Other natives of Shirati. Mem, a 20 something girl who tended her dad’s little corner store. Very nice, she taught me numbers 1-10, which I promptly forgot. I later found out she was flirting with me with she asked me to “sit on the bench” with her. Glad that one flew below my radar. Famous last words—“But I thought it was just a bench.”

A 30 something man, Edward, a high school teacher from distant town. Here because his sister had died in a kerosene explosion. Horrible. He kindly helped me find a place to lunch, and then asked me to send him a copy of the Oxford English Grammar rules. What? I figured what the hell, people haven’t asked much of me yet. More beggars in Berkeley than I’d found in this country so far. We’ll see how what the UPS rate on that one comes to.

Located about 2 hours from the Kenyan border in northwest Tanzania, Shirati is nestled within several mountains. A half hour hike west from town lands you at Lake Victoria, the second largest lake in the world, behind Lake Superior in the US/Canada. It’s quite impressive. Approaching from the east bank gives an amazing sunset view. Quite nice. My first visit was when I was feeling a little down. The bank is coated with shells. Charming, they harbored the snails that carry the parasite Shistosoma hematobium. The little buggers penetrate the skin within a second, storming the bloodstream in less than a minute. I was petrified of touching the water, let alone getting in. Judy Bliss got in when she came—she got shistosomiasis. Of course, this is the same water that I shower and brush my teeth with daily, but nevermind that.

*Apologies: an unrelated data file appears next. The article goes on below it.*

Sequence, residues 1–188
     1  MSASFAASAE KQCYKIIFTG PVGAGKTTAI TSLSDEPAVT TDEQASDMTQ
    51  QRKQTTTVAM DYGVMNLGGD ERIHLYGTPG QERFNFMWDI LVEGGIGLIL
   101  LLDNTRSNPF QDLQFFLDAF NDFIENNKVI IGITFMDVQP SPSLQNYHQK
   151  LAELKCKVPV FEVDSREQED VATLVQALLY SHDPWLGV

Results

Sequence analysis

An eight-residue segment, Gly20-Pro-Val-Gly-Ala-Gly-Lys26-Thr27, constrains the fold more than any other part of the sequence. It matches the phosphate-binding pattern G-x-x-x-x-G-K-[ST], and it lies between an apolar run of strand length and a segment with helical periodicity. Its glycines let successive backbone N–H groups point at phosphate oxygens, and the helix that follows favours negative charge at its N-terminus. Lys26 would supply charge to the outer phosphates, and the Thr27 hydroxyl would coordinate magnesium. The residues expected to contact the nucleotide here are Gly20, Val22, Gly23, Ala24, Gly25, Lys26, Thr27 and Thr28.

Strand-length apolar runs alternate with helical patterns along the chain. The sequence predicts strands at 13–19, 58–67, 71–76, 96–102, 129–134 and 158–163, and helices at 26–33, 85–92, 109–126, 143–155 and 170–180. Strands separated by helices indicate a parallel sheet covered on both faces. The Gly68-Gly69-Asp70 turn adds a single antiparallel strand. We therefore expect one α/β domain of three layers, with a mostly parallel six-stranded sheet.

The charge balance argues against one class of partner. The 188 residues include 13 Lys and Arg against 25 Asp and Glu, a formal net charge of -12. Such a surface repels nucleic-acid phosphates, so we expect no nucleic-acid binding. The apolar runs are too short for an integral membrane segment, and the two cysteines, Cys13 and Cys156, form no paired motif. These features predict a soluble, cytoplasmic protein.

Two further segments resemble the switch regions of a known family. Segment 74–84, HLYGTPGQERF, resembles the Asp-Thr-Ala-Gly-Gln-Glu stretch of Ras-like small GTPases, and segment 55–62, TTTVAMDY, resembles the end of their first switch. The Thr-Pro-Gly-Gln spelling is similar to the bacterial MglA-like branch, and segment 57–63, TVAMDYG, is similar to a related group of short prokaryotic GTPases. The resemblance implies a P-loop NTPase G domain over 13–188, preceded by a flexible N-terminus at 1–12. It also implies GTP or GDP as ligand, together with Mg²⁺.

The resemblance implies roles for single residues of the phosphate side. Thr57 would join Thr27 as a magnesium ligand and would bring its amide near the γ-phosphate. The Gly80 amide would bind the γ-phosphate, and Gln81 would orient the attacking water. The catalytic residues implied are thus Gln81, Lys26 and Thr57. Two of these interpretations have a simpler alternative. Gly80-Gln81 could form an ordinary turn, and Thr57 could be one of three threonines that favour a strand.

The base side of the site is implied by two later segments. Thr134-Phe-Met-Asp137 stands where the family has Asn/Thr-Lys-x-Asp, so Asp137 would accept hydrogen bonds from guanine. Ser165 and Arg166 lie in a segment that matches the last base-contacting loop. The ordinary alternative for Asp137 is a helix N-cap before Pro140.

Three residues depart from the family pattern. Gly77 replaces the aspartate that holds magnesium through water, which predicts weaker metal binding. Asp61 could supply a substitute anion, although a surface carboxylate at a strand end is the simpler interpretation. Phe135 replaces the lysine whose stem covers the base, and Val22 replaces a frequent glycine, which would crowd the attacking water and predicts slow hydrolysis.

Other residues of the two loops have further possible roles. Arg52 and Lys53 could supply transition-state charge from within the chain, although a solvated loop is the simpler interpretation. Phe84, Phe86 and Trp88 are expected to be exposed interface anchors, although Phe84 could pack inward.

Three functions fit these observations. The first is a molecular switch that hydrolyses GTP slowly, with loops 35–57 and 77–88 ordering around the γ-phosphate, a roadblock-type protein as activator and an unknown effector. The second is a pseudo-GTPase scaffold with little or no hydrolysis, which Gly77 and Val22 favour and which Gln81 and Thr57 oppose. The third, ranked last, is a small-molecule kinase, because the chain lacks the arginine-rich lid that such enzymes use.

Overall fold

Existence in Shirati is quaint, chill, quiet. It’s easy to feel a little trapped without transportation. But it’s not like there’s anywhere to go if you had one—back to simple, rural life. Makes me wish I had a guitar or piano. Not that I really play both, but one of my little escape dreams is to set up camp at a place like this, work during the day, then just retire for the evening learning guitar on the porch, sipping a beer. There are a few bars in town. I found the beer tasty, but often warm.

To find a Tanzanian hut, made of straw and mud, you just have to go a little outside of town. Once beyond the perimeter of the town, they are plentiful. These folks often speak local tribal languages, not Swahili. Loa is one, for example. And these languages vary depending on the part of the country you're in.

The Return of Lorenz; AIDS

The Return of Lorenz; AIDS

As you can see, I’m feeling better. Several things helped. Wednedsay, I spoke with Dr Ester, an expatriot American doctor (the only MD within miles) who was the medical director for several years at the hospital before starting a local clinic of her own. She echoed my experience of Tanzanian medicine: treating for several things at once without a clear diagnosis, sending malnourished kids home (likely to die) after “health education” because the hospital didn’t have money for inpatient feeding, and frequent death you can do little about.

Shortly thereafter, Dr Kitono gave me a book I wish I had upon arrival:

Guidelines for the Management of Common Illnesses with Limited Resources.

A 378 page manual put together by the World Health Organization, it’s got everything I was dying to know. I had spent hours trying to download it over the slow dial up modem internet and finally gave up. With this book, I had a cookbook manual to help me with diagnoses and treatments of exactly what I was seeing. In short, turns out what I was doing wasn’t too far off from their recommendations. I wish I would have downloaded it at home and brought it (I think Nishant told me to do that, and I blew him off, figuring I could just learn from experience what I would need. Once again, brilliant, Lorenz, brilliant).